Sunday Special – The Pantheon, Rome


I decided to round out letter “P” with an ancient landmark in the Eternal City – Rome’s Pantheon. This remarkable building has some interesting details, as one may expect from the best-preserved ancient Roman building within Rome. The current building was completed around 125 CE, during Emperor Hadrian’s reign. Two previous incarnations of the building existed prior, at the very same site. The first one was commissioned by Marcus Agrippa in 25 – 27 BCE yet burnt down in 80 CE.  It was rebuilt during the time of Domitian, was struck by lightning in 110 CE and subsequently burnt down as well. Initially built as a pagan temple it has been used as a Christian church since 608 CE (Saint Mary and the Martyrs). Having been in continuous use since it was built has aided in its ongoing survival.

One of the most striking features of the Pantheon is its incredible dome. It is the largest unsupported dome in the world. A large circular hole or oculus marks the top which is its primary source of natural light. A unique feature of this oculus is that only on a equinox (April 21) during noon does the light enter at such an angle that it hits a metal grille thus bathing the courtyard with light. Another aspect of dome is that the distance from the floor to its top is equal to the dome’s diameter. 

The Pantheon is open to visitors most everyday (closed on several holidays) and there is no fee to visit. Guided tours do have a fee involved. Tours or visits to walk around are not allowed during mass. Although I have walked past and admired the outside of the Pantheon many years ago I regret that I did not go inside. In my defense I was merely 21 years old and did not know much about it. I guess I will have to return to Rome soon.

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The Pantheon interior and oculus – Photo credit: Tomi Mäkitalo, Pantheon – panoramio (15)CC BY-SA 3.0

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Rome’s Pantheon at night – Photo credit: o2maRoma-pantheonnotteCC BY-SA 2.0

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Sunday Special – Estonia


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Cliffs at Saaremaa Island, Estonia – Photo credit: Margus6Varahommik ja Panga pankCC BY-SA 3.0

This small Baltic country of Estonia has history that goes back for centuries and centuries with a Finno-Ugric language ancestry.  Throughout these times the Estonian’s faced German, Danish, Swedish and Russian control. In 1918 they became an independent nation but were forced into the Soviet Union in 1940. 1989 they demanded independence and gained it officially in 1991, with much credit going to their peaceful Singing Revolution of the 1980s. In 2004 they joined the European Union and switched to the euro in 2011. Today it is a tourism hot spot with plenty to offer.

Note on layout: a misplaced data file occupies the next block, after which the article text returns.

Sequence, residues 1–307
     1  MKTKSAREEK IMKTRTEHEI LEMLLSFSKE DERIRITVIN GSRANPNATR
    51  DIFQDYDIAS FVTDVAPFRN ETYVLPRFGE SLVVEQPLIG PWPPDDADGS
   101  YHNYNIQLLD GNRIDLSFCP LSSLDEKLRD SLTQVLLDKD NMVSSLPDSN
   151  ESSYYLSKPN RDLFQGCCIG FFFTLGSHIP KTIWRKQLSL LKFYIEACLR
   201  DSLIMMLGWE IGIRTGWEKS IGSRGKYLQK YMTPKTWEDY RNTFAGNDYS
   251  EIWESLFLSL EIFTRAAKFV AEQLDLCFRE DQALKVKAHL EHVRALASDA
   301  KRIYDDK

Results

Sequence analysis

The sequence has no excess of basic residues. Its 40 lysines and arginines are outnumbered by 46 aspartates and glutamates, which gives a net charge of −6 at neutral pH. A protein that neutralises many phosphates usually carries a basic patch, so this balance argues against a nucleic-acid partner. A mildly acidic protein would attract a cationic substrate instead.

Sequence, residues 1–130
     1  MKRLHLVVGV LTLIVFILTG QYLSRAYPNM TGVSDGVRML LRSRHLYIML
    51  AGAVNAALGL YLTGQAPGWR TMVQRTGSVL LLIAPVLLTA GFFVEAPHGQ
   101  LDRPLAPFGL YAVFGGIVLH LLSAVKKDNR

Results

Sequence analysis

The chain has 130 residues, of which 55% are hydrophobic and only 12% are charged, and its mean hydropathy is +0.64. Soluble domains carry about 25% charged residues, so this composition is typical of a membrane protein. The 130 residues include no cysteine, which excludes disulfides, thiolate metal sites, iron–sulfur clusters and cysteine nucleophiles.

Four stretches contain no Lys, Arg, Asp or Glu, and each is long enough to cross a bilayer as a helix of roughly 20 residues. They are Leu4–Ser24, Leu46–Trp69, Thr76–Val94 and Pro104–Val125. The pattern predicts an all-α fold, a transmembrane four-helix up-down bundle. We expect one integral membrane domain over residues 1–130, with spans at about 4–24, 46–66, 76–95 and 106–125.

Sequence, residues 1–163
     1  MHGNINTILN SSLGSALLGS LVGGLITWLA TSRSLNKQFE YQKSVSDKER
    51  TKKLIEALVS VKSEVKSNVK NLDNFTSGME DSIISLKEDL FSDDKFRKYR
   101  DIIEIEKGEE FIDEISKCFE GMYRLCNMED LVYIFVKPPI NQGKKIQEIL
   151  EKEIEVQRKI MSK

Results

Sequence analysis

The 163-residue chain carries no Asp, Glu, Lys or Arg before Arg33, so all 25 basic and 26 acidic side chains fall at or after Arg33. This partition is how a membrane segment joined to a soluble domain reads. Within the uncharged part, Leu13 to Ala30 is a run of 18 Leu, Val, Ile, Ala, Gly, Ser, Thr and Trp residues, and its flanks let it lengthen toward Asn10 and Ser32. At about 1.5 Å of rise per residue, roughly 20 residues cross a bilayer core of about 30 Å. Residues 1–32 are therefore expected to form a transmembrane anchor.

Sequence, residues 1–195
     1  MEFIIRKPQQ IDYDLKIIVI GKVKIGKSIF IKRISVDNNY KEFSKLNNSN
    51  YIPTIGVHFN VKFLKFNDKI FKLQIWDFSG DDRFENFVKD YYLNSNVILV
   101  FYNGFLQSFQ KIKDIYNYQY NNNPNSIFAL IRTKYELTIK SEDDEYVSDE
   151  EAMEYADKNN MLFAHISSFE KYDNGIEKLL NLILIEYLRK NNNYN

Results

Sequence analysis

• Capital city of Tallinn boasts an outstanding Old Town which is also a UNESCO World Heritage Sight
  • Experience “White Nights” from May through July when the sun barely sets
  • Take in the Suur and Väike Taevaskoda (Small and Large Heaven’s Hall) along the Ahja River for some hiking and seeing some caves
  • The Lahemaa National Park on the northern coast is filled with beautiful landscape and perhaps you will see moose, foxes and other animals
  • The south’s Soomaa National Park showcases a primeval forest and quiet nature
  • Get your adrenaline flowing with activities such as repelling, rafting, ATV rentals, go-karting and even a precarious walk along the ledge of Tallinn’s TV Tower 
  • Visit any of Estonia’s plentiful islands, many just a quick ferry ride away
  • Take in all forms of popular music at any number of clubs offering rock, jazz, alternative, electronic and more. Music festivals are popular as well.
  • Admire the architecture of old in the many lighthouses, manor houses, churches, castles, and forts throughout the country
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Katariina Passage in Tallinn’s Old Town – Photo credit: -jkb-Tallinn Katariina KäikCC BY-SA 3.0

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Panorama of Tallinn’s walled Old Town – Photo credit: Ivar LeidusTallinn Toompea Upper Old Town 2013CC BY-SA 3.0 EE

My Top 5 Man-Made Sights


Last month I posted about My Top 5 Cities to Wander. This month my Top 5 is about man-made places or things. These places or works of art hold a special place in my memories, my heart, and bring a smile to my lips.

  1. Michelangelo’s Slave and Bound Slave, Louvre Museum (Paris) – I have never been more captivated by art than these two unfinished statues. They are complete by being incomplete. I do not know how Michelangelo did it but there is feeling, emotion in those statues. I have seen them three times and still my heart stops each time.